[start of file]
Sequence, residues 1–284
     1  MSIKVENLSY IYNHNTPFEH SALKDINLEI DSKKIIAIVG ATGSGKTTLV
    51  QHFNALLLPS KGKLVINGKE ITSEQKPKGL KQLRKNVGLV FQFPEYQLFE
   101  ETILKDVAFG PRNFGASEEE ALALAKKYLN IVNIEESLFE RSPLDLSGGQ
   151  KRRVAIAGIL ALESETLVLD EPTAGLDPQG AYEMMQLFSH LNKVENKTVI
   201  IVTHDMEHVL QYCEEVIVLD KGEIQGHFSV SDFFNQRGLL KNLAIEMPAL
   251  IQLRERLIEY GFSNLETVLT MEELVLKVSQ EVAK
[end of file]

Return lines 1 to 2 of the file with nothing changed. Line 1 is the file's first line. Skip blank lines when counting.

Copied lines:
Sequence, residues 1–284
     1  MSIKVENLSY IYNHNTPFEH SALKDINLEI DSKKIIAIVG ATGSGKTTLV